The Minneapolis Park and Recreation Board and the Loppet Foundation recently celebrated the opening of a new year-round outdoor recreation center at Theodore Wirth Regional Park, a facility nearly a decade in the making.
Known as The Trailhead, the 14,000-square-foot building will serve as a permanent home for the Loppet’s skiing, mountain biking and outdoor recreational programs, camps and competitions. It’s a step toward further formalizing the relationship between the Park Board and the Loppet, which hosted its first event in Wirth Park 16 years ago and opened its office in the chalet there more than a decade ago.
“For us, it makes life much, much easier, but hopefully it also (helps with) the big picture to accomplish our mission and make it easier for the people of Minneapolis to get outside and be active,” said John Munger, the nonprofit’s executive director.
The Trailhead, located at 1221 Theodore Wirth Parkway near the park’s par 3 building, is already up and running with a bike, ski and snowboard rental and retail store in partnership with Venture North Bike shop, locker rooms and offices for the Loppet’s coaching and facility staff. It is open 7 a.m.–9 p.m. daily.
The building has a multi-purpose great hall capable of seating 250 people, a 300-square-foot meeting room and an outdoor terrace, spaces that are available for parties, catered events or weddings. Parkgoers will get their tickets for the Theodore Wirth Par 3 Golf Club and snow tubing at an indoor-outdoor ticket counter. The park’s mountain bikers can wash their bikes for free at a washing and repair station.
While most of The Trailhead is accessible to the public, the Loppet will offer memberships for use of the Club Trailhead Studio, a fitness studio with showers, secured lockers and towel service. Memberships will run health club members $20 per day, $50 per month or $400 per year, according to the foundation’s website. Dual and family memberships cost $80 and $100 per month or $100 and $750 per year, respectively.
What’s not yet open is Cajun Twist, a park restaurant that is subletting its space in the center from the Loppet. The concessionaire from caterer Teóna Washington is expected to open around the end of the summer or early this fall. Cajun Twist will serve New Orleans cuisine like seafood or vegan gumbo, red beans and rice, burgers, seafood and rice bowls. It will carry desserts like beignets and some beer and wine.
Munger said their total project cost ended up being $10.5 million, including approximately $3.25 million in public funds, approximately $5.3 million from a Loppet’s fundraising effort and $2 million that the foundation financed. The opening, originally anticipated before the City of Lakes Loppet Ski Festival held earlier this year, was delayed several months after soil tests showed the project would require some unexpected work.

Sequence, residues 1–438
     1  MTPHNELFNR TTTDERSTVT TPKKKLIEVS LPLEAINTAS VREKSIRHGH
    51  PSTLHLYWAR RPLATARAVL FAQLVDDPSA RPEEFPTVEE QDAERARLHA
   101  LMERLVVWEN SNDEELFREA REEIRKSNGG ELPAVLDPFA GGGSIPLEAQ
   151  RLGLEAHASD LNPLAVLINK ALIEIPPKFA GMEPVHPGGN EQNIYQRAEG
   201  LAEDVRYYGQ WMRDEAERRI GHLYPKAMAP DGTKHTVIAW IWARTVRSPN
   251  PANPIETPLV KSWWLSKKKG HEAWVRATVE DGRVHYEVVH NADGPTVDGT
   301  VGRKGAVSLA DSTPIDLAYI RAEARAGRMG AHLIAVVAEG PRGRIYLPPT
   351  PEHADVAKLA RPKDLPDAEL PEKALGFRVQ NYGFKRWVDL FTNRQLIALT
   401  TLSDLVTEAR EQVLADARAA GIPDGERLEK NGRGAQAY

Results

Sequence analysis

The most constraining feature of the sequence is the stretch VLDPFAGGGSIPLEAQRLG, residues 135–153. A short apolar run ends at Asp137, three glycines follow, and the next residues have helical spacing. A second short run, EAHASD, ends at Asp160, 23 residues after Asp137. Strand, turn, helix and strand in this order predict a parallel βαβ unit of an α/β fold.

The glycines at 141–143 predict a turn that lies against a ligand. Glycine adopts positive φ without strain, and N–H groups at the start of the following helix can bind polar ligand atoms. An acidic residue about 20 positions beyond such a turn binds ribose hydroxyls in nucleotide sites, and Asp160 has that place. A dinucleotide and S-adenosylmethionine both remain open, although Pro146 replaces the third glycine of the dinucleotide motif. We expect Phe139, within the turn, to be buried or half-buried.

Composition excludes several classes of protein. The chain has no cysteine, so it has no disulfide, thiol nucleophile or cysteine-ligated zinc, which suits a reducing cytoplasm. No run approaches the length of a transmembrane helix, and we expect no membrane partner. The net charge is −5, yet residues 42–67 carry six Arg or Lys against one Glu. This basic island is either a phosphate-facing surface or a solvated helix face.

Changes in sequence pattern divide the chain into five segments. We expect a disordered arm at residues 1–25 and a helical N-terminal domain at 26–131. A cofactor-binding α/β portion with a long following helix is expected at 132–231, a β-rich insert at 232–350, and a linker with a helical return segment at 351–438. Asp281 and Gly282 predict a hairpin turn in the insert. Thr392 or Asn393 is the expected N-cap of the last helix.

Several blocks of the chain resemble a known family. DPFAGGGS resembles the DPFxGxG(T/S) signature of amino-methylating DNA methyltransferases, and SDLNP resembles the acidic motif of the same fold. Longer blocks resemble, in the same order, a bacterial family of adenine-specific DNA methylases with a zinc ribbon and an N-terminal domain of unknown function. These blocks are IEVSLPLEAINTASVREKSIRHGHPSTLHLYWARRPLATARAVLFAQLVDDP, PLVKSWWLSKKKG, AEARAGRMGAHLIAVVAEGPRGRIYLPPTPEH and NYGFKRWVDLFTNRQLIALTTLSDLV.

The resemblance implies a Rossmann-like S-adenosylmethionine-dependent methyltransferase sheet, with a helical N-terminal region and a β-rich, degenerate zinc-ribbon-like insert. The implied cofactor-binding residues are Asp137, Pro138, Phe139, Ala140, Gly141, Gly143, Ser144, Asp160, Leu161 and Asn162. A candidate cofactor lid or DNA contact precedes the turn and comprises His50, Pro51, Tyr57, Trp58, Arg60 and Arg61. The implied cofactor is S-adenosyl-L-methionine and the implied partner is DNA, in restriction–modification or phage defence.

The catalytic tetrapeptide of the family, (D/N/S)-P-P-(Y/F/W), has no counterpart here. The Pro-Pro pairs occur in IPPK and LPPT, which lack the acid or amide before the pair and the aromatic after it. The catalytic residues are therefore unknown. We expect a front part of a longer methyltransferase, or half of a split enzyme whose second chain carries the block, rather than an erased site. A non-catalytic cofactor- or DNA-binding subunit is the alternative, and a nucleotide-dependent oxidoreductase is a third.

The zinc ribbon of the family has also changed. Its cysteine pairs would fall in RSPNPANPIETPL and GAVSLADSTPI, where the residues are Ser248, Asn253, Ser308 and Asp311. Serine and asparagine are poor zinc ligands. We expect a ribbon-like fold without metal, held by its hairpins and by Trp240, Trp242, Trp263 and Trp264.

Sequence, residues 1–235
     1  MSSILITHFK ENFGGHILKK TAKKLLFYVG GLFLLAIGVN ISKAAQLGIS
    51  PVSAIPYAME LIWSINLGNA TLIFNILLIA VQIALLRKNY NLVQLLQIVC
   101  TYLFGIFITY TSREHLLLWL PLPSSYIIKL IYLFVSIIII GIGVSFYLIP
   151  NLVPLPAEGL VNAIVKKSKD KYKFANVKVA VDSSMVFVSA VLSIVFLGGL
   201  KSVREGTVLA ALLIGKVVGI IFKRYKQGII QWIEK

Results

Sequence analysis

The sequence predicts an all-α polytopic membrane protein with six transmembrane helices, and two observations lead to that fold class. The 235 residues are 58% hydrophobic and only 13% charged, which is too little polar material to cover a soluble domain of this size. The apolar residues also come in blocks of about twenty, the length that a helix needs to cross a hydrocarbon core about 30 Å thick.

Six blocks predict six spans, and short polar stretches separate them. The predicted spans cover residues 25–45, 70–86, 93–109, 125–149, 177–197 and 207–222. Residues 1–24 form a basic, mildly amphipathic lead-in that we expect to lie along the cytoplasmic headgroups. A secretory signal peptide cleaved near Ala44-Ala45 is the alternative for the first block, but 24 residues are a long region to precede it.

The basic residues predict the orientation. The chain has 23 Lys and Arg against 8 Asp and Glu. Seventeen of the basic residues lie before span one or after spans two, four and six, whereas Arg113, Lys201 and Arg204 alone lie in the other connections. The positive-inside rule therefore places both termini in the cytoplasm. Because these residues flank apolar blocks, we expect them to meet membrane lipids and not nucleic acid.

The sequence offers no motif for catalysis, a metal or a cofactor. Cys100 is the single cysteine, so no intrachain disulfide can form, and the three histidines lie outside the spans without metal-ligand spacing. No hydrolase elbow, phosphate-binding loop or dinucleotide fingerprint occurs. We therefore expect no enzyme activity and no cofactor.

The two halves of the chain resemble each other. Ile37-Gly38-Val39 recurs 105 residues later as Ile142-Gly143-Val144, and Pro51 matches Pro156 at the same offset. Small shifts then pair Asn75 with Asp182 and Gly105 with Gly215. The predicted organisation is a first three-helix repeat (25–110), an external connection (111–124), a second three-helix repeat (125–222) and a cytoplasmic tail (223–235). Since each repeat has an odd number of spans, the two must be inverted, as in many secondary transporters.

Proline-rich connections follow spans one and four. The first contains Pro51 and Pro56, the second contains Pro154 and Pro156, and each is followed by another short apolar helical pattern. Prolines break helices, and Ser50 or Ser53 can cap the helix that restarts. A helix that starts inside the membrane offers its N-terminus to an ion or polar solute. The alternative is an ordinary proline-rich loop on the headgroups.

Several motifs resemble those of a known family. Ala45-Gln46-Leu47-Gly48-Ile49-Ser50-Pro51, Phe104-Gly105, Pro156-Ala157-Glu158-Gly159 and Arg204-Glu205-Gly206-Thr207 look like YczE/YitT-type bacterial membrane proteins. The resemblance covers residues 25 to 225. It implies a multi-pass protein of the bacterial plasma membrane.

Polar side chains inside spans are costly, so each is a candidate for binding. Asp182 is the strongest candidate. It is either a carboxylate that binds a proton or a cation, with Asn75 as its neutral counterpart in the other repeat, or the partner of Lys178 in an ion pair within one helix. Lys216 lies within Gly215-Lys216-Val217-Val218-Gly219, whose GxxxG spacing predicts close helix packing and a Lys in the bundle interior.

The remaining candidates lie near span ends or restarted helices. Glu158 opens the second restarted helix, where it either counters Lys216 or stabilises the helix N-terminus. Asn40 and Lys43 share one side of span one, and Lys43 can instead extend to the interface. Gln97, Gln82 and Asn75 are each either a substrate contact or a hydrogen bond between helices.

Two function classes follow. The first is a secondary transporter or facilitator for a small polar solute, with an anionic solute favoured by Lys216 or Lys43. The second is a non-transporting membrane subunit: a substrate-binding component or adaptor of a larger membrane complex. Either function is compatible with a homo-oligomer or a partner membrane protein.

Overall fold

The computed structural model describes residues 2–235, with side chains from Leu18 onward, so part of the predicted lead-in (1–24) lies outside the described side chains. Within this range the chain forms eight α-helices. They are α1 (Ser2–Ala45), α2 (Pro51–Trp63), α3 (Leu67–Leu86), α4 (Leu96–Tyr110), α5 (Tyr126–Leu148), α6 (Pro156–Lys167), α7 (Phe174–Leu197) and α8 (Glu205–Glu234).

Under a 2016 agreement with the Park Board, the Loppet built the facility and will now formally donate it to the board. The organization will have a 20-year lease and an operating agreement for its use of the building. Revenue from the restaurant and events at The Trailhead will go to the Loppet.
By collaborating on the project, the two parties hope to untangle Wirth’s maintenance responsibilities. The Loppet oversees snowmaking and mountain bike trail maintenance at the park, and the Park Board continues to be responsible for golf operations and programming. The foundation’s lease will build up funds to maintain the new facility.
Assistant Superintendent of Planning Services Michael Schroeder said these collaborations are relatively new for the Park Board.
“This may be the way major projects happen in the future, where we have to form partnerships with the philanthropic community,” he said.
Park Board President Brad Bourn (District 6) called collaborations like these “crucial” to maintaining the city’s park system.
“We’re proud to partner with an organization like the Loppet Foundation, which has a phenomenal reputation and proven track record of making outdoor recreation experiences available to kids and people of color who have been traditionally excluded from the outdoors,” he said in a statement.
Munger said the group has big dreams for The Trailhead. The foundation hopes to host a world cup cross-country skiing event, something that he said could happen in early 2020 at the earliest.
In the meantime, the Loppet is in talks with the 612 Sauna Society to bring its mobile sauna to the site. Munger said they’re working with members of the local log-rolling community to bring what is likely the city’s first dedicated facility to The Trailhead.
“I think you’ll see (the center) be a real hub of activity in general,” he said.
Anthony Taylor, an adventures director with the Loppet, said The Trailhead is an “amazing on-ramp” for people getting outside.
“Over the years, Loppet programming has been happening in parking lots, out of the backs of trucks and trailers, and we now have this safe space for adventure to live and flourish in North Minneapolis — and realize our ultimate goal of connecting everyone with an active, outdoor lifestyle,” he said.